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America Under Attack: Last Calls From Fateful Flights

Aired September 13, 2001 - 06:31   ET

THIS IS A RUSH TRANSCRIPT. THIS COPY MAY NOT BE IN ITS FINAL FORM AND MAY BE UPDATED.


THIS IS A RUSH TRANSCRIPT. THIS COPY MAY NOT BE IN ITS FINAL FORM AND MAY BE UPDATED.
VINCE CELLINI, CNN ANCHOR: Through flight information and reports of cell phone calls, CNN has been able to piece together some of what happened during those fateful flights on Tuesday.

CNN's Miles O'Brien brings us what we know so far.

(BEGIN VIDEOTAPE)

MILES O'BRIEN, CNN CORRESPONDENT (voice-over): Nothing seemed amiss when American Airlines Flight 11 left the runway in Boston Tuesday morning. The 767-200 was about half full, toting 81 passengers, a cockpit crew of 2, and 9 flight attendance to the opposite coast.

The captain likely planned for a five-hour flight, so there was roughly 8,500 gallons of jet fuel in its three tanks.

FAA radars tracked the airliner as it followed the flight plan. But then about 20 minutes into the flight, somewhere over upstate New York, it turned sharply to the south. Flight 11 was hijacked, apparently by knife-wielding men.

Airline pilots are trained to handle such situations by keeping calm, complying with requests, and if possible, dialing in an emergency four-digit code on a device called a transponder. It transmits crucial flight data to air traffic controllers. The action takes seconds, but it appears no such code was entered.

But in the cabin, a frantic flight attendant managed to use a phone to call American Airlines Command Center in Dallas. She reported the trouble. A pilot apparently keyed the microphone, transmitting a cockpit conversation. The hijackers could be heard saying, "We have more planes, we have more planes." Radio transmissions like this would have been reported on the ground by the FAA.

JOHN WELLS, "BOSTON HERALD": The police have identified five suspects that they believe were involved with this terrorist act, and two of whom may be brothers, apparently, reportedly; two of whom -- two others may have flown in from Portland and originated in Canada.

O'BRIEN: About five minutes before Flight 11 started heading south, another 767, United Flight 175, left Boston, also for Los Angeles; 65 souls aboard. Fifteen minutes after becoming airborne, it veered off course.

One passenger made two calls to his father. In one exchange, he said a flight attendant was stabbed. In the second call, he told his dad the plane was going down.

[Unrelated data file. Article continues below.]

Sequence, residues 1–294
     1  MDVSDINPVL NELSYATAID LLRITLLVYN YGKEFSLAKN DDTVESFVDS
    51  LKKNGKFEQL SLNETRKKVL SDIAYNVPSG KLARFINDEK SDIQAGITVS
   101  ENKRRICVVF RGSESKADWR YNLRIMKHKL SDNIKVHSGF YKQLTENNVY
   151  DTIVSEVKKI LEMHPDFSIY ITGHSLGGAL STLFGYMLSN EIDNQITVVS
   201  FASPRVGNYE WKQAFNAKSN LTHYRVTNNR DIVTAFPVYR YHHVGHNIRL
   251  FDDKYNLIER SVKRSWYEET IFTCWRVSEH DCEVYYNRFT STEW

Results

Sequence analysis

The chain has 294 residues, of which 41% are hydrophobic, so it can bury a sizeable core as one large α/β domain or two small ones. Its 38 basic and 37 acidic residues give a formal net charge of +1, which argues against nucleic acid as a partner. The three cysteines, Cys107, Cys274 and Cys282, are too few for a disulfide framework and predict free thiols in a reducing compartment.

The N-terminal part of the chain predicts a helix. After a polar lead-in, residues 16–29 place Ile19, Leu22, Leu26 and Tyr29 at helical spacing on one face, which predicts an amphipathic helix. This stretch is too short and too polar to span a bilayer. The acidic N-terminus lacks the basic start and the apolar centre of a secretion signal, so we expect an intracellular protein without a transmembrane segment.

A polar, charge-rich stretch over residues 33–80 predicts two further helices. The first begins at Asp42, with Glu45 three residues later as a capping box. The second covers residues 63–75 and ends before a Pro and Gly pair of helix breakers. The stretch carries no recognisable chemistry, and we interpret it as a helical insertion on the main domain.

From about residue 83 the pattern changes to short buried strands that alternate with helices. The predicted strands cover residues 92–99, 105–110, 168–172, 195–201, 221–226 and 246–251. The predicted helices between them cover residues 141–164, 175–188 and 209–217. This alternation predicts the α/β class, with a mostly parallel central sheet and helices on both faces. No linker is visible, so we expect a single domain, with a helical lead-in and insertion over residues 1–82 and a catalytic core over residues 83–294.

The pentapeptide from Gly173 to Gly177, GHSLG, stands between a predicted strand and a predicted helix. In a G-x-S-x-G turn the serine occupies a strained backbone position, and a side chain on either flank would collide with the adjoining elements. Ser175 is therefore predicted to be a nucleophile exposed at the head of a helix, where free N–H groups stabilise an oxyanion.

JOHN TEERLING, COMMERCIAL PILOT: They knew not to carry guns on the airplane. If they fired off a bullet, then they could have had explosive decompression on the aircraft. They knew what they were doing, and they knew what their mission was, obviously.

O'BRIEN: We know what happened next: The 767 struck and ultimately leveled the World Trade Center's Twin Towers.

TEERLING: I'm a pilot (ph). If you're going to die, you're not going to -- you're not going to fly in the World Trade Center to do it. Yes, there would be a struggle -- major struggle.

O'BRIEN: By 8:20, the third hijacked flight, American Flight 77, a 757, left Dulles Airport outside Washington, again bound for Los Angeles with 66 people on board.

Radar tracking information on this flight, obtained by CNN, seems to indicate the transponder was turned off, which would have made it tougher to see on radar.

We do know this: an hour and 20 minutes after departure, it plowed into the Pentagon.

On board was Barbara Olson, a well-known attorney and frequent CNN legal commentator. Huddled in the back of the plane, Olson called her husband twice from her cell phone. She described the frantic scene.

TIM OLSON, HUSBAND OF BARBARA OLSON: She said that they were armed with knives and box cutters -- paper cardboard cutters.

O'BRIEN: Even as the focus shifted to the nation's capitol, a fourth plane, United Airlines Flight 93, bound for San Francisco out of Newark, takes a sudden 180 degree turn near Cleveland. More than one of the 38 passengers called their families to offer final good- bys.

ALICE HOGLAN, VICTIM'S MOTHER: And he said: "I want you to know I love you very much, and I am calling you from the plane. We have been taken over. There are three men that say they have a bomb." And then, the phone went dead.

O'BRIEN: Miles O'Brien, CNN.

(END VIDEOTAPE)

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